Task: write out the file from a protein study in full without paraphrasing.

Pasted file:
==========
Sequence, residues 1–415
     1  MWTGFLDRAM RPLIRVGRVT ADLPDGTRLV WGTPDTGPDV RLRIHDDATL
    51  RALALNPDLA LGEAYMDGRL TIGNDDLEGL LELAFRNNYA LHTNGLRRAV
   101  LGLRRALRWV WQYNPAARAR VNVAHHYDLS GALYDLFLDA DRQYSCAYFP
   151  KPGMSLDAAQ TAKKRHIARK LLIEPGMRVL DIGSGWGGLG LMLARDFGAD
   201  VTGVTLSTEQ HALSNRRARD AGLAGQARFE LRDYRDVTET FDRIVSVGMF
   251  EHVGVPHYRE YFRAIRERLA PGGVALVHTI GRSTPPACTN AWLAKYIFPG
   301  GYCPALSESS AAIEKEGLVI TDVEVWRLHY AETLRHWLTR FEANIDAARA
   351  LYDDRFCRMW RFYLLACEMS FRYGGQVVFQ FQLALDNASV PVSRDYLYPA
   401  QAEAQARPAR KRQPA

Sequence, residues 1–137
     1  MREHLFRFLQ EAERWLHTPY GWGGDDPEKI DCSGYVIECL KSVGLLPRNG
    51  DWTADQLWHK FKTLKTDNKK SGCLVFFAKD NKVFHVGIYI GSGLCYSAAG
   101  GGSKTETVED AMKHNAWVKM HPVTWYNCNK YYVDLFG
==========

Sequence, residues 1–415
     1  MWTGFLDRAM RPLIRVGRVT ADLPDGTRLV WGTPDTGPDV RLRIHDDATL
    51  RALALNPDLA LGEAYMDGRL TIGNDDLEGL LELAFRNNYA LHTNGLRRAV
   101  LGLRRALRWV WQYNPAARAR VNVAHHYDLS GALYDLFLDA DRQYSCAYFP
   151  KPGMSLDAAQ TAKKRHIARK LLIEPGMRVL DIGSGWGGLG LMLARDFGAD
   201  VTGVTLSTEQ HALSNRRARD AGLAGQARFE LRDYRDVTET FDRIVSVGMF
   251  EHVGVPHYRE YFRAIRERLA PGGVALVHTI GRSTPPACTN AWLAKYIFPG
   301  GYCPALSESS AAIEKEGLVI TDVEVWRLHY AETLRHWLTR FEANIDAARA
   351  LYDDRFCRMW RFYLLACEMS FRYGGQVVFQ FQLALDNASV PVSRDYLYPA
   401  QAEAQARPAR KRQPA

Sequence, residues 1–137
     1  MREHLFRFLQ EAERWLHTPY GWGGDDPEKI DCSGYVIECL KSVGLLPRNG
    51  DWTADQLWHK FKTLKTDNKK SGCLVFFAKD NKVFHVGIYI GSGLCYSAAG
   101  GGSKTETVED AMKHNAWVKM HPVTWYNCNK YYVDLFG